Center Stage: Benemerito! Church's vanguard school in Mexico

MEXICO CITY, Mexico — The Church's Centro Escolar Benemerito de las Americas (Meritorious Center School of the Americas, known as CEBA), which might be described as the "BYU of Mexico," has a growing influence that has spread across the length and breadth of this land during the past three and a half decades.

Founded in 1964, the preparatory school celebrated its 35th anniversary this year with a large reunion of students and teachers. It is through the thousands of former students such as these that Benemerito's influence continues to grow. Much of this influence is within the Church, with 55 percent of the students having filled missions and 75 percent having remained active in the Church. But the influence also goes beyond Church circles. Some 80 percent have attended university-level education, and Benemerito is believed to be the preparatory school with the most students enrolled at the Universidad Nacional Autonoma of Mexico (UNAM), the largest university in Mexico.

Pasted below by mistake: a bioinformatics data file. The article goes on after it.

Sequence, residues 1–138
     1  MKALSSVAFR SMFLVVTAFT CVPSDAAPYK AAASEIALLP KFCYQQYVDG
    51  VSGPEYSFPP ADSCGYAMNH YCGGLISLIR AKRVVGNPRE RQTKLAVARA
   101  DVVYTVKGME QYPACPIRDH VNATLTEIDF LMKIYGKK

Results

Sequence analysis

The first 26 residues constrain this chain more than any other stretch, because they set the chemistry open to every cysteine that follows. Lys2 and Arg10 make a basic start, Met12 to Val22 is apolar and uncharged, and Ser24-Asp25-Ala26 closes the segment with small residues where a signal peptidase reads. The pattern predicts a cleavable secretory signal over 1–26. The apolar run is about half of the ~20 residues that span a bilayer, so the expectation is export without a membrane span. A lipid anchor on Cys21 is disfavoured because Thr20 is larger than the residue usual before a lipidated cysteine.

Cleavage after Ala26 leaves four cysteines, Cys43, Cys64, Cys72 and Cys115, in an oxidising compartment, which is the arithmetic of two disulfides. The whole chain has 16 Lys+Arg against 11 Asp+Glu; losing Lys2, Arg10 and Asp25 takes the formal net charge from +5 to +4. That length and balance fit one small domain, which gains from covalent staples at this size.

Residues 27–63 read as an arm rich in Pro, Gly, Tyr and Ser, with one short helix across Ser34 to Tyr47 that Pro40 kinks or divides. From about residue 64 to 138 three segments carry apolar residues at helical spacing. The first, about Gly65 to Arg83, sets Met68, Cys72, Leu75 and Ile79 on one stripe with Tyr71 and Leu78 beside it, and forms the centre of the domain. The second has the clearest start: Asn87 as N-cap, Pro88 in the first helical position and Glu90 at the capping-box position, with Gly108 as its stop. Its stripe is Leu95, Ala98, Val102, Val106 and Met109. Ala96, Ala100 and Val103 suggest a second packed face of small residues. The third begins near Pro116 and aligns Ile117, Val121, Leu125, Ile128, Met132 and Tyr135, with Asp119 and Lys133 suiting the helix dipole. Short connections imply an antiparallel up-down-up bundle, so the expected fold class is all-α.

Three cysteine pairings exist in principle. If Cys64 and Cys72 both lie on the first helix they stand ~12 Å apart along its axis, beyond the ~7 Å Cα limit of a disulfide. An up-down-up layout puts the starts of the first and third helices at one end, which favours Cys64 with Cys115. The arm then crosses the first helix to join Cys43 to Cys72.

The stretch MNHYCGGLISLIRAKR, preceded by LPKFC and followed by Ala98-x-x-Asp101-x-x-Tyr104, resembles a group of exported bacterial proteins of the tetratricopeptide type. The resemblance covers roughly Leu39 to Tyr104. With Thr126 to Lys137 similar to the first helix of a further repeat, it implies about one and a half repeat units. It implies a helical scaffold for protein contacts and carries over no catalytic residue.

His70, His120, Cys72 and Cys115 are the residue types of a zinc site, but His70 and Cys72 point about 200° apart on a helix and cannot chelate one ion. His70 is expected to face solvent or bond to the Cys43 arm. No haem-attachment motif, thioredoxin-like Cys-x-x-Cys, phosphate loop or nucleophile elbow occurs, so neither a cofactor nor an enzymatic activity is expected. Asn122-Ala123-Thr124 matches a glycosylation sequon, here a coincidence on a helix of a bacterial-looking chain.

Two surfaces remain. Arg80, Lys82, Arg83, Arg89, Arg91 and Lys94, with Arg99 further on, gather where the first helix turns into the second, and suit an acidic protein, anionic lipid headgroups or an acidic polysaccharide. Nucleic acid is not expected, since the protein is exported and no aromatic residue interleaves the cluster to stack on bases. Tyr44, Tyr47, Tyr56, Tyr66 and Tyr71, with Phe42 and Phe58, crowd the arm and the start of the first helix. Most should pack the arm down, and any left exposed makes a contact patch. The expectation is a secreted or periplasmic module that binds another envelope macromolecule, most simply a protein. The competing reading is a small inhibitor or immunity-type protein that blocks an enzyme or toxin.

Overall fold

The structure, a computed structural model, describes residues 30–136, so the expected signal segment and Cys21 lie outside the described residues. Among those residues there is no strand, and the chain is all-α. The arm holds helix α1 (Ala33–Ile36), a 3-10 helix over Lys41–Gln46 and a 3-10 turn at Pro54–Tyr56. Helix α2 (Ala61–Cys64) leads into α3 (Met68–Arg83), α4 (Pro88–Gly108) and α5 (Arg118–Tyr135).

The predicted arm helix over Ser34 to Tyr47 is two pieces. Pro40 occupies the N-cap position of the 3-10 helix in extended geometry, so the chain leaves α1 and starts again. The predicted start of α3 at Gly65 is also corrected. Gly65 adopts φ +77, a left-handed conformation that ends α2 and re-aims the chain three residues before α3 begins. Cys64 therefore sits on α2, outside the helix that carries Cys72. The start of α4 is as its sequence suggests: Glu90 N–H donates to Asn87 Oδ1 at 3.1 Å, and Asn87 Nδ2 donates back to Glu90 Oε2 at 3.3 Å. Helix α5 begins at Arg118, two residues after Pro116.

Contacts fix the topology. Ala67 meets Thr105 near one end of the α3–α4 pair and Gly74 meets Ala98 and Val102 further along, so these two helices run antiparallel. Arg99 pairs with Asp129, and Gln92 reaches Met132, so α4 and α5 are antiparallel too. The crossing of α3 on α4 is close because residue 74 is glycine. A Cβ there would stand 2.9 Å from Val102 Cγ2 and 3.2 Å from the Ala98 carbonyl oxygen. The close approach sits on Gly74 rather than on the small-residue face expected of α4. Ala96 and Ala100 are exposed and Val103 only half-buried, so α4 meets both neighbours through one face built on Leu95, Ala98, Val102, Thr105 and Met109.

Students far and wide have expressed appreciation for their education at Benemerito. "CEBA is my second home," said Carlos Zepeda Reynaga, general director of Otis Elevators in Mexico, a former student who also has an MBA from BYU.

"All of my development has been based on the teachings and help that I received there from excellent teachers and leaders. These dedicated people helped me to realize my dreams. My appreciation is extensive to all who made possible my experience at Benemerito and later BYU."